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Rose Window Boutis

Design and Assembly

When working with  a smaller project, like the rose window boutis below, there is the ever present question of how to finish it. Regardless of whether I am quilting, embroidering or stitching boutis, I like the piece to serve a purpose; be useful in some way. Averyclaire, quilter and embroiderer extraordinaire, is a Whizzz at creative, beautifully constructed finishes and never seems to run out of ideas. In fact, she runs a little finishing business, where she will finish other people's embroidered work, all with meticulous care and craftsmanship.  But for me, it's always a bit of a quandary.

So, how to finish this little 5" x 5" boutis square. Since the inspiration for the initial boutis design was a rose window,  I thought, why not make it into a wall hanging of a larger rose window, with machine quilting framing the boutis.

One of the things that I love most about Europe is it's multitude of historical buildings, of which most are still very much in use today. Cathedrals, in particular, provide a huge source of design inspiration for me. From floor to ceiling, inside to out,  they hold a treasure trove of motifs and patterns. So consequently, a large portion of my photographs are of churches and cathedrals. Rose windows, in particular, fascinate me and seem to have become a recurring theme when I'm designing my boutis. One of the reasons is that the patterns in these windows easily lend themselves to boutis design.

Below is a photo of a rose window taken in Paris a number of years ago. It was seeing this particular window for the first time that I had the idea it could easily be translated into a pattern of channels required for stitching boutis. Ironically, this building is not even a cathedral, but rather it is Paris City Hall in the "premier arrondissement". Never mind that, the rose window is still beautiful.

That rose window became the springboard for the original 5" x 5" boutis piece, as well as the quilting design that will frame the boutis.

My initial design process.
Included are 2 photos of actual cathedrals.

Below is the final quilting design, (a loose interpretation of the original). The blank square in the center of the circle is where the boutis will be reverse appliqued into place.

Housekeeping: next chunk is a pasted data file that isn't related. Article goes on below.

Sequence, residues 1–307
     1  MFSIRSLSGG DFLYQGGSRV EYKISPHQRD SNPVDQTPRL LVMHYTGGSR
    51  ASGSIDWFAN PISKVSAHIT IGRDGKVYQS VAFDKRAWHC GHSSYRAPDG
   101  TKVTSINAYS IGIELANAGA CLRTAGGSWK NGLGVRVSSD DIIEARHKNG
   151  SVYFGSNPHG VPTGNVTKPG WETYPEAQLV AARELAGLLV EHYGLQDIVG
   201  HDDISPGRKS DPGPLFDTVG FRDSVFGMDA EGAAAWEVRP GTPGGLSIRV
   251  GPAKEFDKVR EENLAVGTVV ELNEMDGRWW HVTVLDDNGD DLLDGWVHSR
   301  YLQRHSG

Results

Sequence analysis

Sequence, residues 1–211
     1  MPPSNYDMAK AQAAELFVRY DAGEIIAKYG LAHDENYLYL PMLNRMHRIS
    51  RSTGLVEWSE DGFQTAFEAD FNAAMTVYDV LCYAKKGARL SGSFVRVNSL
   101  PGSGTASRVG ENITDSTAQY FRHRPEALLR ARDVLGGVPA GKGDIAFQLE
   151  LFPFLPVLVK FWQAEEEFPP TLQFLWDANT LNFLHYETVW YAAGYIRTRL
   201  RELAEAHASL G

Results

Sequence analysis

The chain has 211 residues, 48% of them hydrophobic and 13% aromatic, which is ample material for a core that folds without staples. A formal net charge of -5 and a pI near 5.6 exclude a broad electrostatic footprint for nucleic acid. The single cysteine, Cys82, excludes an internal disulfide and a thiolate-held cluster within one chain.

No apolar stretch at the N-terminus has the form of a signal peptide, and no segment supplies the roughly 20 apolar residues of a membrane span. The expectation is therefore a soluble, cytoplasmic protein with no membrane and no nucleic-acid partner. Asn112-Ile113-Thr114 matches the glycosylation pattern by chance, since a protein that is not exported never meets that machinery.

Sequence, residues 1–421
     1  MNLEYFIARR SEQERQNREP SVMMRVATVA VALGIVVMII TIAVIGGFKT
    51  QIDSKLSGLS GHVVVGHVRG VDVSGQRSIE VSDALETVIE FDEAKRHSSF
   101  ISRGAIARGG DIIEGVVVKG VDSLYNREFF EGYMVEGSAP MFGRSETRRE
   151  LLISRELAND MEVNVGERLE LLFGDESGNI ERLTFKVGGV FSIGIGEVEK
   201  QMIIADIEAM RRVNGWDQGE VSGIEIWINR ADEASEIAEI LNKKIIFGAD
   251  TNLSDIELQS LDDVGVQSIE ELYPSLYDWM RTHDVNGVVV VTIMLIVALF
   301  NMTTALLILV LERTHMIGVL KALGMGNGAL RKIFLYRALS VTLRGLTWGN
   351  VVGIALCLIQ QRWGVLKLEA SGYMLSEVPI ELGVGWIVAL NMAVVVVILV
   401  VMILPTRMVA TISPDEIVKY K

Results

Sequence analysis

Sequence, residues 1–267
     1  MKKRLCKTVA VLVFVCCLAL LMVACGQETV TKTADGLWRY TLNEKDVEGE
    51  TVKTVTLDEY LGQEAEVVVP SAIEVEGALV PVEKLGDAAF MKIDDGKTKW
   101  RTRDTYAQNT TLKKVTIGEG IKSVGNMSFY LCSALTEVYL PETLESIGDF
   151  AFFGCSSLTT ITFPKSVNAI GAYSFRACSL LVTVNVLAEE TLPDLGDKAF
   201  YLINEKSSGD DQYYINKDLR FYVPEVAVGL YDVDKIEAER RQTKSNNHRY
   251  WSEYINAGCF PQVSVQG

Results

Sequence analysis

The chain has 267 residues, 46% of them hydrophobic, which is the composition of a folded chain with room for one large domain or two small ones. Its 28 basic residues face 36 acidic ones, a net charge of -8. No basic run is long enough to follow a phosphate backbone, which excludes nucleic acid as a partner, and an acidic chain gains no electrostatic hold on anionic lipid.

The inner circles were drawn prematurely and should not be there.

Below, the quilting pattern has been traced onto some white batiste, and the boutis square has been reverse appliqued into the center.

The back of the boutis is trimmed to 1/4 inch. It will be sandwiched between the layers of batting and backing.

Next, the entire circular window is reverse appliqued into a gray fabric, which will form the stone tower for my rose window.

Both the front and back of the boutis should be visible in the finished product. Therefore, batting and backing are aligned with the front and a 5 " square is cut out of both materials where the back of the boutis will remain visible. The backing fabric encloses the batting and is appliqued to the back side of the boutis.

When all 3 layers have been attached to the boutis, the rest of the quilt is sandwiched, pinned and ready for machine quilting. More on that next time...


  1. Whoa! This is ambitious and it's going to be gorgeous! You are doing some really creative work combining boutis with FMQ. How big will the finished piece be?

    1. Thanks so much for your vote of confidence. Once I decided how to finish the piece, it was actually easier to design then some because the pics provided the pattern. The finished piece, point to base, is 31" x 16"; wall hanging size.

  2. Replies
    1. Szczęśliwe grettings pikowania do Ciebie. Dzięki za zatrzymanie się.

  3. Wow....this is amazing !!!!
    I love it.
    Greetings from Germany, Grit

  4. So beautiful!! I love how you come up with a design from the rose window. If I do that my brain hurts. At a smocking guild meeting this week, one of the members said she has three different boutis books, and not one of them has any directions for finishing. It's like the quilt instructions that give all the directions for piecing, then leaves it with "quilt as desired", which frustrates me no end. I can't wait to see your machine quilting, I'm so bad at it.

    1. Hi Cynthia. I know what you mean by the "quilt as desired" instructions. (It's like the "bake until done" recipes!).

      I can "qvetsch" something awful about how to finish a project, so in the end, I usually go for a technique that I enjoy and hopefully, the resulting item will be something useful as well.

      I'm sure that your machine quilting is better then my hand smocking:)


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